IEEE Milestone dedicated to Tohoku University for self-complementary antennas
An IEEE Milestone was dedicated to Tohoku University at a ceremony in Sendai on July 27. Professor Emeritus Yasuto Mushiake was honored for his technical achievement in discovering the principle of self-complementarity in antennas.
The recognition came in the form of a Milestone conferred by the Institute of Electrical and Electronic Engineers(IEEE), the world's largest association of technical professionals, based in the U.S.A.
The IEEE Milestones program honors technological innovation and excellence for the benefit of humanity found in unique products, services, seminal papers and patents. The awards foster an appreciation of and involvement with the history of electrical engineering, and increase public understanding of electrical engineering and its impact on society.
Each milestone recognizes a significant technical achievement that occurred at least 25 years ago. And Mushiake's discovery was made nearly 70 years ago while he was a graduate student at Tohoku University. In 1948, Mushiake found that antennas with self-complementary geometries are frequency independent, presenting a constant impedance, and often a constant radiation pattern over very wide frequency ranges.
This principle of self-complementarity is the basis for many very-wide-bandwidth antenna designs that are used in television reception, wireless broadband, radio astronomy and cellular telephones.
Representing the IEEE, Dr. W. Ross Stone presented two plaques at the dedication ceremony. The original milestone was received on behalf of Tohoku University by president Susumu Satomi, and will be displayed at the Tohoku University Archives. Another miniature plaque was presented to Professor Mushiake.
"From a societal standpoint, the timing of these discoveries was tremendously important," said Ross on the significance of Mushiake's research. "This came at the dawn of the development of television broadcasting. And these antennas were used for most home television reception from the time the television broadcasting started, until television started being delivered by cable."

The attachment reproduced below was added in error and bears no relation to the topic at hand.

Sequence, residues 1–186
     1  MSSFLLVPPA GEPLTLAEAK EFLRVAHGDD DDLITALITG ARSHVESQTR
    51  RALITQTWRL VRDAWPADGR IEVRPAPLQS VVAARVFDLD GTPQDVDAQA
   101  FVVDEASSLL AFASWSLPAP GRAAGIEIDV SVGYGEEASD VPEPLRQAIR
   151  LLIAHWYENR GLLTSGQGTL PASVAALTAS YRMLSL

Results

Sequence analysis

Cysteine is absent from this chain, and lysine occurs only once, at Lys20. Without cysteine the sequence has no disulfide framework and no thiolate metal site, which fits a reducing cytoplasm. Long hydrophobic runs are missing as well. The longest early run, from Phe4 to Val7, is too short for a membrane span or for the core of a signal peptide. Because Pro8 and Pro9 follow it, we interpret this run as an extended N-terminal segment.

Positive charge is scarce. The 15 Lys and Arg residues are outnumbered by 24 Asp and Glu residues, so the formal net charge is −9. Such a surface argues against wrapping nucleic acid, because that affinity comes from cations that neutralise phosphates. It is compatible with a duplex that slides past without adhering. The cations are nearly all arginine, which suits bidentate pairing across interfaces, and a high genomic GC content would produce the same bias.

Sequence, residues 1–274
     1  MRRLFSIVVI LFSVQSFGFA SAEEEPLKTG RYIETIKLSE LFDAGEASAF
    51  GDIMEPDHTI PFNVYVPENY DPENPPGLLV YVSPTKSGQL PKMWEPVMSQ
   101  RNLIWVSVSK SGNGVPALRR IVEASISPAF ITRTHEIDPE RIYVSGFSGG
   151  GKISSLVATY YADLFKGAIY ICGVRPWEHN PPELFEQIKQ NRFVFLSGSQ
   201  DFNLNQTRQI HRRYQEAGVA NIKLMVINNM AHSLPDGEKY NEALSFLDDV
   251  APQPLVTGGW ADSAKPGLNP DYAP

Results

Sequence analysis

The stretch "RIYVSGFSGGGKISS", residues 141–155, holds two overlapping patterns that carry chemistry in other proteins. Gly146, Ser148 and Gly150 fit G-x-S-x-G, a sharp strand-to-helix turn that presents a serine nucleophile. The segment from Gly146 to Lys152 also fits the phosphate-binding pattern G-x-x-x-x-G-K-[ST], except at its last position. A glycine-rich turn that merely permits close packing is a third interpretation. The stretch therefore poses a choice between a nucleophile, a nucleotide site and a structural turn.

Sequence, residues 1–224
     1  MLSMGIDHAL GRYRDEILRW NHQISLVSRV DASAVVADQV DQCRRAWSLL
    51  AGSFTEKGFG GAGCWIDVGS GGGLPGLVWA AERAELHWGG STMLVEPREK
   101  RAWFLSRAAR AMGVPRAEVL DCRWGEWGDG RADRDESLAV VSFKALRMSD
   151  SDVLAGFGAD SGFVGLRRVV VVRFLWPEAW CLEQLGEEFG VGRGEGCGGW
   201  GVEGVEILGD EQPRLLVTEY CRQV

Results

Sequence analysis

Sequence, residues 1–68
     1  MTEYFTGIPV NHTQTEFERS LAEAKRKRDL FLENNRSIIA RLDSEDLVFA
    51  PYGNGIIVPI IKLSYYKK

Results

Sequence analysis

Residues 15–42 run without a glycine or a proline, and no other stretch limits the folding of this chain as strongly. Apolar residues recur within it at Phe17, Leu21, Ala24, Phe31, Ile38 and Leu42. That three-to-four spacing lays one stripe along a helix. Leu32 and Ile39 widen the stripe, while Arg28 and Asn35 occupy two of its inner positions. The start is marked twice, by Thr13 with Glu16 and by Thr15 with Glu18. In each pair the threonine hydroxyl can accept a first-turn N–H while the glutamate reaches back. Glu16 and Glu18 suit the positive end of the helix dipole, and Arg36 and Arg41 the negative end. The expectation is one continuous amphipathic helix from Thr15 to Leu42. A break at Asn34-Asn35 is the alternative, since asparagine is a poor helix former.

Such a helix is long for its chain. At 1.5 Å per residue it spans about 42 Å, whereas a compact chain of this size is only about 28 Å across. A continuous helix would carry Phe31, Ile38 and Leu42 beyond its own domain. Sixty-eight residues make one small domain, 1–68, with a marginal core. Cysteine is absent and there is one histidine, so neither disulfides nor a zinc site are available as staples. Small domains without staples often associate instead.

The original discovery, Ross said, is still relevant in modern antenna designs. "Ultra-wideband antennas have become tremendously important in several areas of modern telecommunications particularly as part of efforts to optimize spectrum usage."
Professor Mushiake was delighted to receive the recognition, but said that it had not been without setbacks. "It's been more than 60 years without acknowledgement from Japan." he said. "It show's courage on IEEE's part and I feel very privileged to have received this honor."
Professor Mushiake's Milestone is the 180th to be dedicated since the Milestone Programme began in 1983. Thirty-three of these Milestones were given out in Japan and it is the second time for Tohoku University to receive the recognition. The first was in 1995 for the world's first directional short-wave antenna (the Yagi-Uda antenna), invented in 1924 by professors Shintaro Uda and Hidetsugi Yagi.
A replica of the milestone commemorating Prof. Mushiake's achievement has been placed outside the Electrical, Information and Physics Engineering Building No.1 at Aobayama Campus.
Professor Mushiake was the president of Tohoku Institute of Technology from 1984 to 1989. Despite being 96 years old, Mushiyake actively updates his personal website and is a contributor to the free content encyclopedia platform, Wikipedia.